I’m not going to get too much into the details of the actual meal here since I tried some of everything that landed on our table and every single dish was amazing, but I will give you a little run down of my own meal choices and then include the pictures so you can see for yourself the kinds of beautiful food they’re bringing out of the kitchen at this place. For antipasti I had an octopus salad with white beans, raisins, and slivered almonds. For both the pasta and secondi I ordered the specials which were a torteloni stuffed with broccoli rabe and some wonderful cheese, also served with raisins and then a lamb stew served with feta. The range of flavors that we experienced during the course of the meal was really wonderful. Everything from the little amuse buche at the beginning – their homemade bread with gorgonzola cheese, prosciutto, and aged balsamic vinegar – to the sambuca at the end was perfectly flavored and just danced on your palate.
img_3150.jpg
Now we all know that any good meal out at a restaurant is not due solely to the powers of the chef, the ambiance and the serving staff are also critical players in how much you enjoy the night. Well you should have no complaints at Modo Mio. The staff were so friendly and welcoming and made you feel very comfortable, a great deal of laughing was done by all. Our waiter was particularly charming and made the meal that much more memorable because of his attentiveness and lighthearted conversation throughout the evening. The timing of the plates coming out of the kitchen was also quite well orchestrated, with pauses between courses to allow you to take a break and to get into some good conversation. The point of the prix fixe menu and the entire way the restaurant is set up is to allow friends to come out for a nice, leisurely meal and to enjoy the food, ambiance, and company of their dining partners. They have succeeded absolutely in this goal as far as I’m concerned, I have not had a more impressive or pleasant meal in recent memory. We even shut the place down on a Tuesday night and were able to meet the chef, Peter, who was born locally and extremely nice. He and our waiter, Ernesto, really made the night. As I said, you really should get yourself out to Modo Mio as soon as may be, you deserve to treat yourself to such a fantastic dining experience!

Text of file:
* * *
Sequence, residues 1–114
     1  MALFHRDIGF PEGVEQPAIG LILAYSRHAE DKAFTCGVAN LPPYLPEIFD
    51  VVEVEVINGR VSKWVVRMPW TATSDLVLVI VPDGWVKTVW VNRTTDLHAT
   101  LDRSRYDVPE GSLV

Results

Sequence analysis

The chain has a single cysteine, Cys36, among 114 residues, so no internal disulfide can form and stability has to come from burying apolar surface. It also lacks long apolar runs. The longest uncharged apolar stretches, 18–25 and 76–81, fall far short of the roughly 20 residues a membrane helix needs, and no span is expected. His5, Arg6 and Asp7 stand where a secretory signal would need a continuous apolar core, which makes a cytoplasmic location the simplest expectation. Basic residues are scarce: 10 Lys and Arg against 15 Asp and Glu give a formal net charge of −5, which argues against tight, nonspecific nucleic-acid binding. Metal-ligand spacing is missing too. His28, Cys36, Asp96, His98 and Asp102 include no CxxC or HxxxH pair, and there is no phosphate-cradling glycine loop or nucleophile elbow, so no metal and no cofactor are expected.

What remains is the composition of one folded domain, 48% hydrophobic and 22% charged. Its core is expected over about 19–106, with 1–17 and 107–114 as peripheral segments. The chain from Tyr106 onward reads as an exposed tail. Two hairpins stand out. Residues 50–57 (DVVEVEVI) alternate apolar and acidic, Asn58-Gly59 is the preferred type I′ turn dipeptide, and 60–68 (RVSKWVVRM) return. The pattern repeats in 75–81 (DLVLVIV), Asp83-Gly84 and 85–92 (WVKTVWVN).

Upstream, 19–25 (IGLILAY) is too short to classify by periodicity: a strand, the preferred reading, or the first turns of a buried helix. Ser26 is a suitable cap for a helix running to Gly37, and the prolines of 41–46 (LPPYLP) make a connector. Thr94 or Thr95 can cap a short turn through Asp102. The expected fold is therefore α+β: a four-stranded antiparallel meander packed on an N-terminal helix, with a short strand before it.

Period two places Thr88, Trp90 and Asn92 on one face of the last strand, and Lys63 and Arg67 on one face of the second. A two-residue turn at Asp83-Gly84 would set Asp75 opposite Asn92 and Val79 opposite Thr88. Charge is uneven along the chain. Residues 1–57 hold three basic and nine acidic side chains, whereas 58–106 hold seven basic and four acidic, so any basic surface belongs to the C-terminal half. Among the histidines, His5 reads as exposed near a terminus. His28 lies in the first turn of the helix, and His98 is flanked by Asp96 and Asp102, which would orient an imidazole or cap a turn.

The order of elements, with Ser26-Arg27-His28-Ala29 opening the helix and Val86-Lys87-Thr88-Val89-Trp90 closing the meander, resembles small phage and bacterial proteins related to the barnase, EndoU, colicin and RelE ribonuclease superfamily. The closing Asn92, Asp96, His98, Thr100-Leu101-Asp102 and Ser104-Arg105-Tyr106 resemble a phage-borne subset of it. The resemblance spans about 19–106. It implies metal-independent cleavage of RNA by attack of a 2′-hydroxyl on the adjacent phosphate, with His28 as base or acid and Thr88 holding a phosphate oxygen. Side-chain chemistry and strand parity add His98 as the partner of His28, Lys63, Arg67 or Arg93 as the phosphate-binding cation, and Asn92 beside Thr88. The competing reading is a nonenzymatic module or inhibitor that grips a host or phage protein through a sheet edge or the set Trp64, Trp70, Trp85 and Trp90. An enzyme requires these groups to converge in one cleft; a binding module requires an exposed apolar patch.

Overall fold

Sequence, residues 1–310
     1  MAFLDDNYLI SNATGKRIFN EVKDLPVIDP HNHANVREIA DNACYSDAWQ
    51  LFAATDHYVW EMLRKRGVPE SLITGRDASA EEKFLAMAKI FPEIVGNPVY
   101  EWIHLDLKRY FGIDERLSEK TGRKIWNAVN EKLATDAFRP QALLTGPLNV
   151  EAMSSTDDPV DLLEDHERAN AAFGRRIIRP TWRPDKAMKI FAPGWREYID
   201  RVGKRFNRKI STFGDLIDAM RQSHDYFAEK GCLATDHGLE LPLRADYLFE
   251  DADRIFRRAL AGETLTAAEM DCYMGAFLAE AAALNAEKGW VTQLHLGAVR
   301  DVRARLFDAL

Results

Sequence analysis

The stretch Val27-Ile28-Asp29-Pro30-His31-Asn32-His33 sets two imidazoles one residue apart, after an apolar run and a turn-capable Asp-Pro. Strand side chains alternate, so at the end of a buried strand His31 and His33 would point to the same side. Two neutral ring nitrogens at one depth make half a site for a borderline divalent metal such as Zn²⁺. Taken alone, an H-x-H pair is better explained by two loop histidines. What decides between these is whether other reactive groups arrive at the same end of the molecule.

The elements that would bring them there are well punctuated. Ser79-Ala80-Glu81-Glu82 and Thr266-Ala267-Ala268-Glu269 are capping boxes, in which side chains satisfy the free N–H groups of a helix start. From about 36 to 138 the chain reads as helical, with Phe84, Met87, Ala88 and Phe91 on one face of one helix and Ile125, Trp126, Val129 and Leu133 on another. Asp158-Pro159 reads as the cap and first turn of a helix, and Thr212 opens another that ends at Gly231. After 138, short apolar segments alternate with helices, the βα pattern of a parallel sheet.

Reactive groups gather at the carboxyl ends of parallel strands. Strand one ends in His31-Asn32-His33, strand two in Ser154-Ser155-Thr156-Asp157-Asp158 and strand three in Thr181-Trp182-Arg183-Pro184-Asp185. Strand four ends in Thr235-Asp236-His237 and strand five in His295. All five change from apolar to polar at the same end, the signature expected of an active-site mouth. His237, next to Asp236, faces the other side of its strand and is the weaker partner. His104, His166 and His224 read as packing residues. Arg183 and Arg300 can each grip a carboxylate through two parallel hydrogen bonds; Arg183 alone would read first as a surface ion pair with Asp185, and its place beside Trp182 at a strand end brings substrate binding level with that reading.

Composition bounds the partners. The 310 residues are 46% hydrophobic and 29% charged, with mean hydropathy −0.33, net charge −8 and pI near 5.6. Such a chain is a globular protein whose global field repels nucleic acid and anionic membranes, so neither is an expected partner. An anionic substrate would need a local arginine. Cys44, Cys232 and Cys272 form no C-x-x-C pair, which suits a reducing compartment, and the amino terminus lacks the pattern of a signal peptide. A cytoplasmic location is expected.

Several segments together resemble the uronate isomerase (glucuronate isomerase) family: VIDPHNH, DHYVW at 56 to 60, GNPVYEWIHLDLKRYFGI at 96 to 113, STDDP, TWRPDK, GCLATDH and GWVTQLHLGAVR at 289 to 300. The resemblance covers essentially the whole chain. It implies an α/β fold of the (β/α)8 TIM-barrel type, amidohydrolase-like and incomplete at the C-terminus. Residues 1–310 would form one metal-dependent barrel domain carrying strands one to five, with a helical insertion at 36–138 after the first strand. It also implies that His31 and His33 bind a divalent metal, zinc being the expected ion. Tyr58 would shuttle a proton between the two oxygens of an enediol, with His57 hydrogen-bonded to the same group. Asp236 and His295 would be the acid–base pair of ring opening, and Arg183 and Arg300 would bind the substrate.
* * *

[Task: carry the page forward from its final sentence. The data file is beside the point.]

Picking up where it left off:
Modo Mio
161 West Girard Avenue
Philadelphia, PA 19123

ph: 215-203-8707
http://www.modomiorestaurant.com/home